Treborvfr
26th November 2010, 20:12
I just found this site:
http://aa9pw.com/morsecode/
You can get it to send morse at any speed you want. It is 18 years since I used morse on an everyday basis, but much to my surprise, it is still as easy to read as it was then!

Good link, just had to try it out. I've not used morse for nearly 25 years and was surprised that I could still receive at 20 words/min, no problem. I upped the speed to 25wpm and was still OK only mistake was mistaking an 'H' for an 'S'! (Bounce)

Bob

Shipbuilder
26th November 2010, 20:31
I didn't try writing it down, but could read and remember it clearly enough in my head. I suppose these things always stay with you. But I doubt whether I would be very good at sending after all this time, but I still have my Vibroplex bug key, so maybe I will get round to trying it again.
Bpob

mikeg
27th November 2010, 14:06
The control tower at our small airport has an aldis suspended from the ceiling so it can be grabbed and pointed in any direction at any time. It was last used a couple of months ago when a visiting technician cut the link from the equipment room to the control room just as an aircraft reported on final approach! The controller was able to flash 'clear to land' and the pilot wiggled his wings in achnowledgement.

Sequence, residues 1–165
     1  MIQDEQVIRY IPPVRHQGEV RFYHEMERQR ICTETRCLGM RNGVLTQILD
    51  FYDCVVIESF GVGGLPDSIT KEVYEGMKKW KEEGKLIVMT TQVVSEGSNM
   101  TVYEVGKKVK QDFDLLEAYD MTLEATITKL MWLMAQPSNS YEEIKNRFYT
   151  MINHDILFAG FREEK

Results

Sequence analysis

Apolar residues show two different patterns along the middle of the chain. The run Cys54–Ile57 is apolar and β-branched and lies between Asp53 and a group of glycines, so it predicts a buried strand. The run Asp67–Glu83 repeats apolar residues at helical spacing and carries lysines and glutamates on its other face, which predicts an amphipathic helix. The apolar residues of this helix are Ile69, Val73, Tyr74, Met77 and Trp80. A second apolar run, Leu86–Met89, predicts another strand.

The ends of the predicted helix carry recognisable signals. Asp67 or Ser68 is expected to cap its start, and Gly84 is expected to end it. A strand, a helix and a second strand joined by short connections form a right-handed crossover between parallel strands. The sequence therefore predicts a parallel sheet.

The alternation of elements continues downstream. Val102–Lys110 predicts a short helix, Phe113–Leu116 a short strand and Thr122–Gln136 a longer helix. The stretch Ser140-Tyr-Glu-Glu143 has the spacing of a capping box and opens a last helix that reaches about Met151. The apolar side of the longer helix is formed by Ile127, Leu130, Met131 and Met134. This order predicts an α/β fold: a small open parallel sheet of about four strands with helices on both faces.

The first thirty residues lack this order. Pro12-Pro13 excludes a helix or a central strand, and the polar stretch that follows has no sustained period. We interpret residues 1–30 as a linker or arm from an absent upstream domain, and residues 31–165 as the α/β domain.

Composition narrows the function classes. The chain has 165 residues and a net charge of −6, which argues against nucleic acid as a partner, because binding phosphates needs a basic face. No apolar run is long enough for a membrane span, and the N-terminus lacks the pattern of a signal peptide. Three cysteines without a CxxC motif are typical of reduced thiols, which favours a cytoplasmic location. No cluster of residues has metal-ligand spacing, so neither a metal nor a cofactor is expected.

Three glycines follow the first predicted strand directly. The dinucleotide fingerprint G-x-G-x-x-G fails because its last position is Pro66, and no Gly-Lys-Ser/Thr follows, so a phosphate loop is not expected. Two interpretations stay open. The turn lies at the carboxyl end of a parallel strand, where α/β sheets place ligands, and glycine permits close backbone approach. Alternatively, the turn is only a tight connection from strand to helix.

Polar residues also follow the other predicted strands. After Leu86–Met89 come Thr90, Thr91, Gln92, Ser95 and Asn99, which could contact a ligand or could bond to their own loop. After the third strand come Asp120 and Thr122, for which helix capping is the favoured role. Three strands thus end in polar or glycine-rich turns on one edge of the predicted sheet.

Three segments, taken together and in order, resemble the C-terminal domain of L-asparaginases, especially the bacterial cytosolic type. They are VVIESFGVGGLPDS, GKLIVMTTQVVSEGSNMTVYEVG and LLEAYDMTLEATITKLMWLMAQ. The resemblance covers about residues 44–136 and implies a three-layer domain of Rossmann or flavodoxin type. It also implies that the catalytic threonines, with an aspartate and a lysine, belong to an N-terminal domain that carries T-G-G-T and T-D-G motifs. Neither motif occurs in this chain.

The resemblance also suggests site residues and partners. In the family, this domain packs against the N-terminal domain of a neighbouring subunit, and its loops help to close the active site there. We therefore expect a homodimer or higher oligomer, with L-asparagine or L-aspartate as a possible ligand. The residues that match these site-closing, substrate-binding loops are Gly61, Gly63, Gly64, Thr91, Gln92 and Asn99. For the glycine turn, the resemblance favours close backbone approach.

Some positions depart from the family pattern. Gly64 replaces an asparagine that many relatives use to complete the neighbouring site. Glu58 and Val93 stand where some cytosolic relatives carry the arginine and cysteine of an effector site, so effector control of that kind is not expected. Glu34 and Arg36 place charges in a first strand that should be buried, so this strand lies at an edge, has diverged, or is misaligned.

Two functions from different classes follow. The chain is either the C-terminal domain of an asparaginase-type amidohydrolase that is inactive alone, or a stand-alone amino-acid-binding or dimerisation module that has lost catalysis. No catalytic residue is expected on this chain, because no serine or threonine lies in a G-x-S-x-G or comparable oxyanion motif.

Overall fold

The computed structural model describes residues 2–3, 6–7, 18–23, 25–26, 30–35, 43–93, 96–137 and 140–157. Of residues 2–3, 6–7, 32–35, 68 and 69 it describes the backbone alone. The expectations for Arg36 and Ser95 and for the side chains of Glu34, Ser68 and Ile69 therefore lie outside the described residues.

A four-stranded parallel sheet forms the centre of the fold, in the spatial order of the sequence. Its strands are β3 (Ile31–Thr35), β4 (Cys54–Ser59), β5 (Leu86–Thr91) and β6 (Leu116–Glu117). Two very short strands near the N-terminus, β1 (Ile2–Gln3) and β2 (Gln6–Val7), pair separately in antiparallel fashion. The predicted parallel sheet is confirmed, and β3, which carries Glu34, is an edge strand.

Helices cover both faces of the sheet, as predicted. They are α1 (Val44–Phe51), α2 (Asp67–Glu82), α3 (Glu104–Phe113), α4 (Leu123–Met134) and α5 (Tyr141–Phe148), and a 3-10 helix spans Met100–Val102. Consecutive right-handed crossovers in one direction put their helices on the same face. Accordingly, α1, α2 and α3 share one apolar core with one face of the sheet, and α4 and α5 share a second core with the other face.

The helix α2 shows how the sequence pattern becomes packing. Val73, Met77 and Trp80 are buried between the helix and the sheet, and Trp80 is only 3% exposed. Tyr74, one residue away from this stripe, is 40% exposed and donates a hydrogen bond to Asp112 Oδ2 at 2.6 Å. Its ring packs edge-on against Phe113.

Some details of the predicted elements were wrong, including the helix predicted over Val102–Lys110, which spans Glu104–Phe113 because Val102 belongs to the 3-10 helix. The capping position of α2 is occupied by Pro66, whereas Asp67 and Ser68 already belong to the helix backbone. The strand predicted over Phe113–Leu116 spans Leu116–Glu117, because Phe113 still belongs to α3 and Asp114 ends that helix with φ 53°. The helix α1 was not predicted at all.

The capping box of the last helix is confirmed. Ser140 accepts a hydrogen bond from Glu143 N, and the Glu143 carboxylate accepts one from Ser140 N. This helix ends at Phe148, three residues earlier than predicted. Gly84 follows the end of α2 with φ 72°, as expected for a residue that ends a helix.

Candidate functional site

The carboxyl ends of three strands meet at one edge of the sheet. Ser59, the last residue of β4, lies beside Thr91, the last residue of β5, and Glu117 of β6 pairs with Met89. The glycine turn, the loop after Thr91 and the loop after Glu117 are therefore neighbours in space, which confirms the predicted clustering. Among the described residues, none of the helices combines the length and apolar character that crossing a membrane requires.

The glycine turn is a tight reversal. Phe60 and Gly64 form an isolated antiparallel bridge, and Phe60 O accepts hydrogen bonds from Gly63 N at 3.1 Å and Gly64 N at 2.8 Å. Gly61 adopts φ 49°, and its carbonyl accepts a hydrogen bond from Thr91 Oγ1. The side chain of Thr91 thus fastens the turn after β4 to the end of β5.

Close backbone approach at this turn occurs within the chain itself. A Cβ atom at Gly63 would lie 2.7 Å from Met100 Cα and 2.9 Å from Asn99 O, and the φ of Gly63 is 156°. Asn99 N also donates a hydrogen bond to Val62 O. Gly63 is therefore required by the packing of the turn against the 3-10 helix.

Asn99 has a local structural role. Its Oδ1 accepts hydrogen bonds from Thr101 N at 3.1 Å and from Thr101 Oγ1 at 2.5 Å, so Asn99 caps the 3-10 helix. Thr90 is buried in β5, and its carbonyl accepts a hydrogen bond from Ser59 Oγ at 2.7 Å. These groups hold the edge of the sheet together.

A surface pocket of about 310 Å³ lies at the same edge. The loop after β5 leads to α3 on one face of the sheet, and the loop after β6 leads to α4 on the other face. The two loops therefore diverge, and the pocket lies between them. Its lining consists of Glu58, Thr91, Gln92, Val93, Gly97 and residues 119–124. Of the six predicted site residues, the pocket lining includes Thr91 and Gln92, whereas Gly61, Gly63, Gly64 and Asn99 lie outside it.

Hi Naytikos,

These ATC light signals incase of radio failure are fresh in my mind after ground exams, details here http://en.wikipedia.org/wiki/Aviation_light_signals

but remembering them when needed is another matter [=D]

Mike

teb
27th November 2010, 14:41
I just found this site:
http://aa9pw.com/morsecode/
You can get it to send morse at any speed you want. It is 18 years since I used morse on an everyday basis, but much to my surprise, it is still as easy to read as it was then!